I have my father's hands.
Not that they're overwhelmingly mannish, but they're not petite or graceful. I don't have long, tapering fingertips or beautifully-shaped nails or flawless skin. They're not the sort of hands you'll ever see in a cold cream advertisement, not the kind you could easily imagine playing a long, complex sonata on the piano. There are diagonal scars striped across my knuckles from when I brushed my hand against the bars of the kerosene heater in junior high, lines and freckles sprinkled across the back of my hand, and a writing callus -- not as pronounced since I learned to type -- on the middle finger of my right hand.
They're not pretty hands. But they're my father's hands.
They resemble the hands that cradled me when I was hours old. The hands that drew a sketch of me and my brothers for a Christmas card. The hands that held me firmly as I was baptized, or were placed atop my head for a blessing. The hands that steadied the back of my bicycle seat as I wobbled awkwardly down the road. The hands that held up kites, applied countless Band-Aids, picked tomatoes and chard, and worked the stick shift of our orange VW microbus.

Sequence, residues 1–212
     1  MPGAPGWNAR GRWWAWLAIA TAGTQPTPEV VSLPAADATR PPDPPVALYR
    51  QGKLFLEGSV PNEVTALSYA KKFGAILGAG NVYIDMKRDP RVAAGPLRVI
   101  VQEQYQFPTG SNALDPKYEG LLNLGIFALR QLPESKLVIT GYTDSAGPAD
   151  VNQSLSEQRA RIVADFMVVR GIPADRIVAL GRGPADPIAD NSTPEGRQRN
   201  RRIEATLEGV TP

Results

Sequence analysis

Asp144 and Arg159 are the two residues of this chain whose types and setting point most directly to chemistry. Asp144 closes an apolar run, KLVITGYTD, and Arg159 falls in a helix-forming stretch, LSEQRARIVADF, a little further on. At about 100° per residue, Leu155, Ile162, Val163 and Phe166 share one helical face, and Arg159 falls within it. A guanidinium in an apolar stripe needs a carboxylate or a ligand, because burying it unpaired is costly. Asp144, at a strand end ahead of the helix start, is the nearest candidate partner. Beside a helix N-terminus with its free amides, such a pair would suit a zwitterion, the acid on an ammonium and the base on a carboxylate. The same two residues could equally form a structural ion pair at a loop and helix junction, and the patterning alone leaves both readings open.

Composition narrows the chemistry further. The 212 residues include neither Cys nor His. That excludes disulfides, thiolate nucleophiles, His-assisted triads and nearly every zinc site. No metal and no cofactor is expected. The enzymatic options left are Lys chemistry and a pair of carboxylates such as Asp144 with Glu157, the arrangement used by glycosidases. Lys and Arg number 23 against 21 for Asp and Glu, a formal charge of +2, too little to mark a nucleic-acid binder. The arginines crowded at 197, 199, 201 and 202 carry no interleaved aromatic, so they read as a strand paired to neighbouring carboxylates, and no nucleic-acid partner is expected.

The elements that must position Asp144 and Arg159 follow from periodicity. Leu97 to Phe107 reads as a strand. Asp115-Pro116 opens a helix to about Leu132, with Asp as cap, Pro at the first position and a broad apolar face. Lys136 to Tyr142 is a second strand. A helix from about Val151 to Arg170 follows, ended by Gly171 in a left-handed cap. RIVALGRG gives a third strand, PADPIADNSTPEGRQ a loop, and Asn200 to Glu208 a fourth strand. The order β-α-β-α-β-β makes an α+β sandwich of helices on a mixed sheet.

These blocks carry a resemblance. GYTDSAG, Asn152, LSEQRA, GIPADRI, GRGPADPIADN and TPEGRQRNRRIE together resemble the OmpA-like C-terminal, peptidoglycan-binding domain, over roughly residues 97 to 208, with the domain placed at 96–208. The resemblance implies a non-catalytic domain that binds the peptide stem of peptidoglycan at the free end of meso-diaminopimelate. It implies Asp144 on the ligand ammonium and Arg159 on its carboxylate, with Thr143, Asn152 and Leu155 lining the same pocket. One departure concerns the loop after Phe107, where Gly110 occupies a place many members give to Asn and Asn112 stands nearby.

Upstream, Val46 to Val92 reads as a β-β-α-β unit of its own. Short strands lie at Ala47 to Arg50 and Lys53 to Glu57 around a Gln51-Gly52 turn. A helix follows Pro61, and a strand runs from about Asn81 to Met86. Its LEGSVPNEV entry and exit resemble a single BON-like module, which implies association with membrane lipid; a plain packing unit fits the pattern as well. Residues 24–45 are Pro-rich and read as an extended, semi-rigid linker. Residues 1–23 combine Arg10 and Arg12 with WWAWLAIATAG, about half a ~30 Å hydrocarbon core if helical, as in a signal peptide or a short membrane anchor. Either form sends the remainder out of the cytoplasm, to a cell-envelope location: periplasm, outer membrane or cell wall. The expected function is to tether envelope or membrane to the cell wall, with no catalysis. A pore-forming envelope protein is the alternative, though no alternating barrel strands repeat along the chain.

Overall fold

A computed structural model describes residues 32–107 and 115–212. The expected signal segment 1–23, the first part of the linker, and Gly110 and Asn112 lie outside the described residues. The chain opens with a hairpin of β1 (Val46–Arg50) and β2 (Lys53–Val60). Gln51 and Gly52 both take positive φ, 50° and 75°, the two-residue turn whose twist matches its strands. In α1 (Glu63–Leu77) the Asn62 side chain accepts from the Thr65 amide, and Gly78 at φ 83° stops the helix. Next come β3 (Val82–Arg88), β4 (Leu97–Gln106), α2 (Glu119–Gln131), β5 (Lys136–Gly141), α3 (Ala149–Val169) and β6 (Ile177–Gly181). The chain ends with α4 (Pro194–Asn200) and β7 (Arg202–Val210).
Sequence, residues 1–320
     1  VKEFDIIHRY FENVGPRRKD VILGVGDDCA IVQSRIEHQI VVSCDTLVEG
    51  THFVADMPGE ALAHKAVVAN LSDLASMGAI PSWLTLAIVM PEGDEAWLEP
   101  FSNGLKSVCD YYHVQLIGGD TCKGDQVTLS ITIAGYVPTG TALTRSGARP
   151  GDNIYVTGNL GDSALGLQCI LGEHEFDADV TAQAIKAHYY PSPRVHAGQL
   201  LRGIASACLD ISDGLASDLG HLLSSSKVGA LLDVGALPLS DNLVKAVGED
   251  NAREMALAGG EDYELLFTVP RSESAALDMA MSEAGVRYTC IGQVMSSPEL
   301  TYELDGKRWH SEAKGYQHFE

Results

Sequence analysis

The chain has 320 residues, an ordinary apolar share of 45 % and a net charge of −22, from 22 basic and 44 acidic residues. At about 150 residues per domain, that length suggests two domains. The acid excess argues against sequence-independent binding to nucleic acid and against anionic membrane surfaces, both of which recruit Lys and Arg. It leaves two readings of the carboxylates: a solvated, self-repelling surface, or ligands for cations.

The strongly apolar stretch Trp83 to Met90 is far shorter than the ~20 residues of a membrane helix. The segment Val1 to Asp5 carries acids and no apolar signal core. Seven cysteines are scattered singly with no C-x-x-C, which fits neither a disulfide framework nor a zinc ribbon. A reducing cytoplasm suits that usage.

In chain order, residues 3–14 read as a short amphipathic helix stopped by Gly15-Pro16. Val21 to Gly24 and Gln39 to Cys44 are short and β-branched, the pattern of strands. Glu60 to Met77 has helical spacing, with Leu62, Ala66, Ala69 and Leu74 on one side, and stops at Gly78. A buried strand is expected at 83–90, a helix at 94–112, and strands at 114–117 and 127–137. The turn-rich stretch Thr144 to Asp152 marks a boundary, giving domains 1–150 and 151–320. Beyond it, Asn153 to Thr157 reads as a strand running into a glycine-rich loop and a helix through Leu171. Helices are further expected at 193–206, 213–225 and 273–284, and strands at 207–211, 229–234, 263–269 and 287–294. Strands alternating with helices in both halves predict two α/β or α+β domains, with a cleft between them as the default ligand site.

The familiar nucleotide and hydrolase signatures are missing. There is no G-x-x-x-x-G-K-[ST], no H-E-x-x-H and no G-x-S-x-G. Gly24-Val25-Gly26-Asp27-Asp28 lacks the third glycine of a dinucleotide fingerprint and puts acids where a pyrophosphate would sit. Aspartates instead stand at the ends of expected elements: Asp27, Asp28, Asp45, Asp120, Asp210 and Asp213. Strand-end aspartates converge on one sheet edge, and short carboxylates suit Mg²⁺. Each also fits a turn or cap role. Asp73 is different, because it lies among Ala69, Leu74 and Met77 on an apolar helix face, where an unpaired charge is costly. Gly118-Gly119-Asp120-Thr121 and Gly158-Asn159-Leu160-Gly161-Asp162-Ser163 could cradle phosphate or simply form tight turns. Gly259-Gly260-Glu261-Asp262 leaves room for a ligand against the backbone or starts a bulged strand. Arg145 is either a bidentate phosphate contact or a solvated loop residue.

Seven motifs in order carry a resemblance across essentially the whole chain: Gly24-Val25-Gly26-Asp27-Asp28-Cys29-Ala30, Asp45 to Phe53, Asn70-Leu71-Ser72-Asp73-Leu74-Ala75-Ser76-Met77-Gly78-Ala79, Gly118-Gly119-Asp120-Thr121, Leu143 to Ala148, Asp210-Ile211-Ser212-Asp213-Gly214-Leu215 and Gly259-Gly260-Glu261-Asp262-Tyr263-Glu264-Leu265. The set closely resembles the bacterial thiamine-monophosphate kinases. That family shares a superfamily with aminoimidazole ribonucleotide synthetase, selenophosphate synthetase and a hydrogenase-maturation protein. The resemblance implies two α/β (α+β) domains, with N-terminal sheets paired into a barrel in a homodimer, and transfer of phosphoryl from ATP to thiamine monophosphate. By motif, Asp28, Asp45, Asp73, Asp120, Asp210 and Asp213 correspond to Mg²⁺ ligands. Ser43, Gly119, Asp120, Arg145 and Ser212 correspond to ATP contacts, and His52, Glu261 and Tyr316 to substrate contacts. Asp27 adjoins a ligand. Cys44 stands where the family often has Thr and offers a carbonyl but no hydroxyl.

They look like the hands that were extended to so many other people in friendship. The hands that drew logos and designed advertisements, album covers and product packaging for businesses all around the San Francisco Bay Area. The hands raised in a public meeting to ask why developers were destroying his children's favorite place to play. The hands that held other hands, or steadied a small body riding on his shoulders, as we walked up Lime Ridge together. The hand held over his heart as he recited the Pledge of Allegiance at a Boy Scout meeting. The hands he sometimes used to toss his children in the air, and catch them again as they squealed and giggled. The hands that could create beautiful calligraphy, but had trouble writing legibly. The hands folded in prayer, as he talked to God as though He were in the room with us.
I know they're not physically beautiful. But they're meaningful to me, because my father -- at least the physical part of him -- is gone. And although I believe and take comfort from the belief that his spirit literally continues to exist, it means I will not see him again as long as I live.
There is another kind of comfort to be had when I look at my hands. They are more than just a reminder of my father; they are a living reminder that so many aspects of our ancestors are present in us. We are more than our genes, to be certain -- but there have been so many people who came before us and who gave up so much as an act of faith, in the belief that their sacrifices would help create more opportunities for their children and grandchildren. That's well worth remembering, and worth honoring.
In a way, you could say my father bequeathed his hands to me. I sometimes catch myself wondering what he would say if he saw me using them to inflict cruelty on others, or holding back because I was too afraid, or letting them laze around aimlessly instead of engaging in active work. When I choose instead to do things that would bring him happiness if he could see what I was up to, it's a way of acknowledging that I remember him, and that I am his daughter.
Happy Memorial Day.